Last April the new Saudi Minister of Health Adel bin Mohammed Faqih announced the appointment of Dr. Tariq Ahmed Madani, as a special MERS consultant to the Health Ministry (see HERE). Professor Madani – an infectious disease specialist - has a profile posted on the King Abdulaziz University website, which includes details of his discovery of a new viral hemorrhagic fever in 2001.
Last June Dr. Madani Announced the Start To Long-Awaited MERS Case Control Study, but we’ve yet to see that released.
For now, we have a Reuters report based on a recent phone interview by Dr. Madani, that provides some insight into their findings thus far on the MERS virus. I’ve excerpted some key points, but follow the link below to read the entire report:
- Camels, which are known to shed the virus, are likely responsible for about 3% of the cases to date.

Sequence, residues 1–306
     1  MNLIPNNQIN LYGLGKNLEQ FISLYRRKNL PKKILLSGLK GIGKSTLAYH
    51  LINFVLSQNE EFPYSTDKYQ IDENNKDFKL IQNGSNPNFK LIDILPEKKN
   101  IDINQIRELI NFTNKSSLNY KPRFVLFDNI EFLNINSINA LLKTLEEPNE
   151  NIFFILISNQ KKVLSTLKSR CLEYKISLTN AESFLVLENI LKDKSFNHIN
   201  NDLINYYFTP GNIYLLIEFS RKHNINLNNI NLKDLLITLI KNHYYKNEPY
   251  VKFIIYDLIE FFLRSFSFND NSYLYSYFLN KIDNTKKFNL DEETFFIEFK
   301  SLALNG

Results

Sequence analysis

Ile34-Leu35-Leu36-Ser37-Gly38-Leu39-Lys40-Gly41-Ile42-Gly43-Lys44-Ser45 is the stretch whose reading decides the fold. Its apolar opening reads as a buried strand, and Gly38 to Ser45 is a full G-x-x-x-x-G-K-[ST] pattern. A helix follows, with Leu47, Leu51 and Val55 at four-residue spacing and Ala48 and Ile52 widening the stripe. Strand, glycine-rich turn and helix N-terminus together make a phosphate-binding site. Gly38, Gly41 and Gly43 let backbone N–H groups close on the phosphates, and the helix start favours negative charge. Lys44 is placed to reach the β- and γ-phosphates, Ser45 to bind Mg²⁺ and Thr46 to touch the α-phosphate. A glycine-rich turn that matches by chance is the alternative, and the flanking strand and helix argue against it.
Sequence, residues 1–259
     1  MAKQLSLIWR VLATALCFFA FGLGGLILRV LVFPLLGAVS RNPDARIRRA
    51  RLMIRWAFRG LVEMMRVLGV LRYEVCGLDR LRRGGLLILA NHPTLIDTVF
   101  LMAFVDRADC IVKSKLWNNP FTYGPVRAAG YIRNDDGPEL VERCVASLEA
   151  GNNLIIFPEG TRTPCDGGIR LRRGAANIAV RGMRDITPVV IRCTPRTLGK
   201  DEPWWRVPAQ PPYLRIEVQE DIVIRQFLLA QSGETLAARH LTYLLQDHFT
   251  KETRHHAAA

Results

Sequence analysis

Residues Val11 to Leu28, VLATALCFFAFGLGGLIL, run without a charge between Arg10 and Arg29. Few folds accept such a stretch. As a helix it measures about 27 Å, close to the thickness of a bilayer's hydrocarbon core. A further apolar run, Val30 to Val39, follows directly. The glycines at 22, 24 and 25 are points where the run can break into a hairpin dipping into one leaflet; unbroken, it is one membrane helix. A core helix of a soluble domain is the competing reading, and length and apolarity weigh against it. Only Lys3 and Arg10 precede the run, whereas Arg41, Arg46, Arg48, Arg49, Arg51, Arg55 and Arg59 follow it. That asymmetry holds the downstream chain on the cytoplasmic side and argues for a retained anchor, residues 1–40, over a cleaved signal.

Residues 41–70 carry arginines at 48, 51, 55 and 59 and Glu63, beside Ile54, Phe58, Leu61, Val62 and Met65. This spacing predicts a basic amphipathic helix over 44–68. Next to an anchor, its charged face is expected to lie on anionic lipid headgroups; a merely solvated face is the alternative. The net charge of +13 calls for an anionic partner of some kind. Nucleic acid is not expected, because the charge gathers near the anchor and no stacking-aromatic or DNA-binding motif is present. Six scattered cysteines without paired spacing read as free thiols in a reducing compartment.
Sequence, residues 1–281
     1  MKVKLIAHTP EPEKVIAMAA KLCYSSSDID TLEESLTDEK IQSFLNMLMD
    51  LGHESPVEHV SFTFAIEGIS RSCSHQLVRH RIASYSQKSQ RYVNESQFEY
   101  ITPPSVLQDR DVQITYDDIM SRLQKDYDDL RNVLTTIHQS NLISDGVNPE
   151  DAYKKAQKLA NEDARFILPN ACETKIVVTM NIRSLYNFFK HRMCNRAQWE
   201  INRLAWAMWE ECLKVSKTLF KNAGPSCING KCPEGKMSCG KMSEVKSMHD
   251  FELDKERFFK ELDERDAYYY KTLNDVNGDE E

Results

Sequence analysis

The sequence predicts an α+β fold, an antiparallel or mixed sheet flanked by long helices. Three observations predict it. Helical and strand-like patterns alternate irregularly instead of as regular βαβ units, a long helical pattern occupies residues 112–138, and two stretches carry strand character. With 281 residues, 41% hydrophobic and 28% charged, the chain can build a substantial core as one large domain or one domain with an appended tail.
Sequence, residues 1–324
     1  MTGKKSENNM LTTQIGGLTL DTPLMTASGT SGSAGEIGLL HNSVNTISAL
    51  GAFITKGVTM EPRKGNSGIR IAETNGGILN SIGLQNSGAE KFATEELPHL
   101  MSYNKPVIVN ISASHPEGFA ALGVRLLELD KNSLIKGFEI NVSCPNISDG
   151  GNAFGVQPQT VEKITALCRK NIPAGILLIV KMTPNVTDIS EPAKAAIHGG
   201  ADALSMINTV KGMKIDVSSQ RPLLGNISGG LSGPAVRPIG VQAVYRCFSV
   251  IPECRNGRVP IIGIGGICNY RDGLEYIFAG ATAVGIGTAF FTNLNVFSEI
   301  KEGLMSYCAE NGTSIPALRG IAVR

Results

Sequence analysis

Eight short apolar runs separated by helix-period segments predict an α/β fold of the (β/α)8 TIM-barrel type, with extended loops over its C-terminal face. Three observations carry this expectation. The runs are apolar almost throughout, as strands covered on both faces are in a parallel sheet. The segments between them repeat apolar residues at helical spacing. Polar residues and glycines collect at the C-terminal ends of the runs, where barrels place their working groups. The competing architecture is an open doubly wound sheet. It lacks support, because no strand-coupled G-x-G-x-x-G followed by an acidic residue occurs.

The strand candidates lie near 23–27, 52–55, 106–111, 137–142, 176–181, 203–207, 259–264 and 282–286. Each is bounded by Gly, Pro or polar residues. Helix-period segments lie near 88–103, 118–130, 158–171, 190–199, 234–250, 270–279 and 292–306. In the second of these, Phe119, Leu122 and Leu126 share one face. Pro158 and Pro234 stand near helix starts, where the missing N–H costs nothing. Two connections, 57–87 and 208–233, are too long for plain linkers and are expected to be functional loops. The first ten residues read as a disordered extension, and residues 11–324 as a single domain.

- Human-to-human transmission, primarily in hospital settings, accounts for 97% of cases.
- Of 71 camels tested that were being imported from the Horn of Africa, none showed signs of the virus.
- Thus far testing has shown camel nasal secretions to carry the MERS virus, but not camel milk or urine
- And of 36 workers tested at a camel slaughterhouse, 58% had MERS antibodies, but none could recall a serious respiratory infection.
While fascinating revelations, and the sort of thing we’d expect to see from a formal case control study, hopefully we’ll see the results of the full study released in the near future.
The full article may be read at:
By Kate Kelland
LONDON Fri Nov 21, 2014 5:37am EST